“Filled with kaleidoscopic color, exhilarating tempos and the impudent sarcasm with which Prokofiev loves to veil even his most tender utterances, it was a performance as perceptive as it was brilliant.”

The Washington Post, April 2017

 Adelaide Symphony Orchestra, June 2015

“The current state of classical music might be immeasurably improved if there were more musicians like Anthony Marwood.

…doubling in the role of conductor, he can transform the sound of an orchestra to match his own aesthetic as soloist. He moulds his accompanying players like a sculptor with putty.”

“From meditative stillness to demonic passion and a feathery ghostliness at its conclusion, Marwood and the ASO turned in a thoroughly mesmerising performance of this remarkable work.

One only wishes there could be more concerts like this.”

The Australian, June 2015

Sydney Symphony Orchestra, June 2015

“Soloist Anthony Marwood… played the solo part with empathetic intensity, capturing a sound of distinctive isolation and beauty.”

Sydney Morning Herald, June 2015

Irish Chamber Orchestra, October 2014

“The performance of Enescu’s Octet was very possibly one of the best performances that the RDS, if not the city, has seen for a considerable time.”

Golden Plec, October 2014

Yellow Barn Festival July 2011

“Marwood threw off a big, vibrato-rich sound and a full-throated Romantic abandon, while not neglecting some delicate refinements such as a perfectly modulated spiccato”

Thomas Ades Violin Concerto with the Boston Symphony Orchestra March 2011

“The work was written for violinist Anthony Marwood, who last night gave it a reading that was deft, vigorous, and coolly gleaming.”

Boston Globe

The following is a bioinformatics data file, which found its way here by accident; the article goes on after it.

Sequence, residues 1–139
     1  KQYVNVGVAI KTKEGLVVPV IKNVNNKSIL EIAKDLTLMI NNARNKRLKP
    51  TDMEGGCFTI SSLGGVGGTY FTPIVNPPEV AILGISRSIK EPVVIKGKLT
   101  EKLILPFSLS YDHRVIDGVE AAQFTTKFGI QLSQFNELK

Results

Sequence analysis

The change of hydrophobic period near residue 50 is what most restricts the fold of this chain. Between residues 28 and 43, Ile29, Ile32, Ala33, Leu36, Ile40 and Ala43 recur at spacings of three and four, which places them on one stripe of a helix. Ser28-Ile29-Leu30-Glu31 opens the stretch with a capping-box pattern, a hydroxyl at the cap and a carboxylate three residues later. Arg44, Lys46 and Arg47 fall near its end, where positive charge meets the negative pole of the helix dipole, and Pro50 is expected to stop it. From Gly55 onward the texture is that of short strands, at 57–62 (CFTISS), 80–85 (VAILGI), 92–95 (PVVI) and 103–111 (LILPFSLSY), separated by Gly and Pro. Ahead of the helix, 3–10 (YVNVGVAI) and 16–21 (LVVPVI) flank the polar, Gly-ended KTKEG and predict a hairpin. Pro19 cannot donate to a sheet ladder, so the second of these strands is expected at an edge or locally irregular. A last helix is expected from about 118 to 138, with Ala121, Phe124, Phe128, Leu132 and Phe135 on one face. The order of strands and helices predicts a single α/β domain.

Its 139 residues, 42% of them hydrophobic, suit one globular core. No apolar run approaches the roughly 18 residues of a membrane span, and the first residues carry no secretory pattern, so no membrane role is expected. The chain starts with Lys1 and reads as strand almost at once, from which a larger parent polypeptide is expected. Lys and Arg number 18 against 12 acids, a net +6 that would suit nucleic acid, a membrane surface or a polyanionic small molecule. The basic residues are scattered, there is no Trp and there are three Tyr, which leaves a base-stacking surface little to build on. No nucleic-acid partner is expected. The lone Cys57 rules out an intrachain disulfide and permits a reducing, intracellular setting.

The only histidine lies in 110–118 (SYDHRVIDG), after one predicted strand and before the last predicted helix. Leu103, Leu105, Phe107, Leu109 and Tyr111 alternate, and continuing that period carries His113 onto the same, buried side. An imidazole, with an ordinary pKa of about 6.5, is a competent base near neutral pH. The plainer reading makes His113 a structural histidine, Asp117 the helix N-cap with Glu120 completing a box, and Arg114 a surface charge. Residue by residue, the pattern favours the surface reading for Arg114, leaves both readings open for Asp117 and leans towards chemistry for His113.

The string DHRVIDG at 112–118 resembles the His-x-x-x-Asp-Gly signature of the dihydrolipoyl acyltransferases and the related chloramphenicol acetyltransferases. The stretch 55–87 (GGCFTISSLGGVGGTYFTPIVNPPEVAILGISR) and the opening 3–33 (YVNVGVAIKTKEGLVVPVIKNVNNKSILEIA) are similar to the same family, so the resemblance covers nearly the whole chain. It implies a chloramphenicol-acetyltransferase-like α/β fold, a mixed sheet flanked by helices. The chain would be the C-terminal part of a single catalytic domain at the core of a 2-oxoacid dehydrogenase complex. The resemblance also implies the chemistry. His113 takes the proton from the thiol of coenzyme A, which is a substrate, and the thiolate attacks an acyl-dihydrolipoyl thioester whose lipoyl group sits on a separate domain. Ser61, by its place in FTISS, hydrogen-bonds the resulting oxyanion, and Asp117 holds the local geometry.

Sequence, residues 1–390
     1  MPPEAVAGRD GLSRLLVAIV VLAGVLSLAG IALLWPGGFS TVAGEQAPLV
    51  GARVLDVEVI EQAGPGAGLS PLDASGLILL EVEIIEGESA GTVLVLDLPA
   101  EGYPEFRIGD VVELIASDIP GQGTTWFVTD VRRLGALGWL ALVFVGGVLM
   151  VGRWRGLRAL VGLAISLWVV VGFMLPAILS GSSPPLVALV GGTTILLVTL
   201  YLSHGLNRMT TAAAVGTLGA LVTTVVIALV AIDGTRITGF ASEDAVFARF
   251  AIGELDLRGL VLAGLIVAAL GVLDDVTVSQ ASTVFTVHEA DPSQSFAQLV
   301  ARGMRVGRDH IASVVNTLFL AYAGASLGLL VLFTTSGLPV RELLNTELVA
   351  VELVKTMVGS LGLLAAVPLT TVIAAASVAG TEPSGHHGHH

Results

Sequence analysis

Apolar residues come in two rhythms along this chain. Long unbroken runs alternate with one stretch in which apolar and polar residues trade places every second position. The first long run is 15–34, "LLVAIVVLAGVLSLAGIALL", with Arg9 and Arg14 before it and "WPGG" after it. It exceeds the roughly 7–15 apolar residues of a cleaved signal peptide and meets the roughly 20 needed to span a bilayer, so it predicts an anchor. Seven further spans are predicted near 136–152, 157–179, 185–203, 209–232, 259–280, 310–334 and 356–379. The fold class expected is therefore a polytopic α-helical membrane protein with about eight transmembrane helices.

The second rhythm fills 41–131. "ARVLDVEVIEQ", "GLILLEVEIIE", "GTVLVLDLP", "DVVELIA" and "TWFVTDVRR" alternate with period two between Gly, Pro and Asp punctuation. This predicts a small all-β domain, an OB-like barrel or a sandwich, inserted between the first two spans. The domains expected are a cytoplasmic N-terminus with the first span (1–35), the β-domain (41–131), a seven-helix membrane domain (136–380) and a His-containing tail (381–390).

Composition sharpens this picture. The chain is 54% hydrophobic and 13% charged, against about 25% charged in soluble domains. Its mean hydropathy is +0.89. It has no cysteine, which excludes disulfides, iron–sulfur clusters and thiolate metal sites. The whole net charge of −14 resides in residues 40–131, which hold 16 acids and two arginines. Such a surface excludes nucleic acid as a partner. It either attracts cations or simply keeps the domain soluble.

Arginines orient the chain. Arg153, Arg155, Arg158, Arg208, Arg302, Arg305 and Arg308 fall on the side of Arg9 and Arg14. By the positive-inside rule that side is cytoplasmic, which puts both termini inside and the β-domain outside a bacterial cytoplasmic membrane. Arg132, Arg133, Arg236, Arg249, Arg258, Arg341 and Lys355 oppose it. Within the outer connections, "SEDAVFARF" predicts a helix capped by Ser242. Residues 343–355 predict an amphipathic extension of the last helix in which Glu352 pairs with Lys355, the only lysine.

“Is there nothing Anthony Marwood cannot do? He plays the violin, acts, dances, and can do all at once. He directs the Irish Chamber Orchestra, plays with the Florestan Piano Trio, commissions composers, jointly runs his own festival and has a network of worldwide collaborators. To cap it all, this consummate artist is blessed with boundless energy, intellectual curiosity and creative wizardry”

BBC Music Magazine

“He’s a magic name in the business”

The Independent

“Few musicians serve their metaphorical master as convincingly as British violinist Anthony Marwood. His every endeavour seems to stem from a debt to art, a debt to music. There is nothing that gets in the way of the ultimate goal – the realisation of perfection and honesty in his craft”

Sunday Tribune, Ireland

“If there were rock-star equivalents in the classical music world, ace British violinist Anthony Marwood would be on the list”

The Age, Australia

Thomas Ades concerto with Chamber Orchestra of Europe/Ades/EMI, June 2010

“superb….Anthony Marwood performs astounding feats…”

Boston Globe

Ross Harris concerto (world premiere) with New Zealand Symphony Orchestra, May 2010